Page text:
Stage 2 focuses on some ofthe sources ofthe patient's misery, which he/ she is likely to continue experiencing even after behaviors are more under control. This might include exposing the patient to trauma-related cues and other trauma-focused work, and helping the patient to become more willing and able to tolerate experiencing the full range of emotions that he/she may have been avoiding and escaping from through self-injurious or other problem behaviors. The most important thing is that the therapist not embark on this until there is evidence that the patient is sufficiently equipped to handle the strong emotions it may elicit, without resorting to extreme behaviors. If the patient no longer has serious difficulties with severe behavioral dyscontrol or posttraumatic stress disorder-related phenomena, the therapist can proceed to Stage 3, in which the goal is to help the person solve the ordinary problems in living that bring most people to psychotherapy, such as relationship difficulties, low self-esteem, dysthymia, and so on. To complete the continuum from extreme mental ill health to optimal mental health, Linehan has recently added a Stage 4 to her treatment model, in which the goal is to help the individual to have a greater capacity for joy and freedom.

In this stage model, because severe disabling depression is usually viewed as a severe quality-of-life problem, it is a focus during Stage 1, if the patient has no life-threatening or recent therapy-interfering behavior that takes precedence. A lower level of depression that does not seriously interfere with a person's ability to work or to be in relationship with others, however, is usually viewed as a target for Stage 3 treatment.

In our treatment program, we treat patients with BPD in Stage 1 using a standard DBT model. Stage 2 treatment draws primarily on protocols for treating the effects of trauma, such as prolonged exposure or cognitive processing therapy. In this model, cognitive styles and patterns, though never ignored, are less a focus in Stage 1 than is typical in CT, in part because of the theoretical perspective that distorted cognition often is a result rather than a cause of intense emotions, so that it is more useful to focus on development of behavior skills for regulating emotions. In addition, many patients with BPD experience a focus on distorted cognition, particularly early in treatment, as invalidating; therefore, they reject it and may reject treatment. By Stage 2, and particularly Stage 3, it is often far more useful to use standard CT forms, exercises, and so on, none of which are incompatible with continuing DBT.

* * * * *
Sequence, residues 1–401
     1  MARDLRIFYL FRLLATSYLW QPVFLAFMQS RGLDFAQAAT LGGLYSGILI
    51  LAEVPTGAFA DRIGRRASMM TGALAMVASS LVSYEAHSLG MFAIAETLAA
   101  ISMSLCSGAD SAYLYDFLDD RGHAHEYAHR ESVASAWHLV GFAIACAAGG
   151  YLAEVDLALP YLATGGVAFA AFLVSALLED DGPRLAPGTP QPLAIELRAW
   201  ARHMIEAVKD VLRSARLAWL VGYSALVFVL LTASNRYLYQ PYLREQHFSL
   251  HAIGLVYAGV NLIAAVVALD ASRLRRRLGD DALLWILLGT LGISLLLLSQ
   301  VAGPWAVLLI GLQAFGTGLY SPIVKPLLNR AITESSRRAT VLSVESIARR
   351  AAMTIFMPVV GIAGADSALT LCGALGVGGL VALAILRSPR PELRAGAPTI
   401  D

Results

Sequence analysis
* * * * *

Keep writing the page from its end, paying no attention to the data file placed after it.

If one does not have access to all the modes of treatment of a DBT program, there may be ways that elements ofDBT can usefully be incorporated into a CT-oriented individual therapy. Following the previous sequence of treatment stages and target hierarchy is strongly recommended. Problem behaviors that occur can be subjected to detailed, moment-by-moment behavioral analysis to help both therapist and patient develop insight into the situations that are likely to occasion such behavior—the person's thoughts, emotions, urges, and behaviors in response to the situation—and the consequences that may influence the behavior through reinforcement or punishment. This can lead to useful ideas about changing several behaviors in the future. A focus on skills building is essential in our view. Although patients with BPD often have deficits in motivation to engage in skillful behavior, because of fear, hopelessness, reinforcement contingencies, or other factors, it is easy to underestimate the extent to which these patients simply do not have more skillful means in their repertoires. Although a consistent focus on skills training is difficult in individual therapy when crises often occur (hence, the rationale for skills-training group), it is at times possible to teach whatever skill is needed for a current situation, and Linehan's (1993b) skills training manual is a helpful resource. The emphasis in DBT on looking for and highlighting what is valid in a patient's responses can easily be incorporated into CT, as those writing about CT for BPD have done.

We recommend that, particularly early in treatment, the approach to thoughts be different than that in standard CT. Rather than encouraging a patient to evaluate the validity of his/her thinking, it is often more helpful simply to point out repeatedly that the patient's thought or belief is just a thought or belief, not a fact, and to help him/her to develop a stance of observing thoughts as sensations or external objects of perception, as in mindfulness-based cognitive therapy (MBCT; Segal, Williams, & Teasdale, 2002). Mindfulness exercises can be helpful tools for decentering from cognition in this way.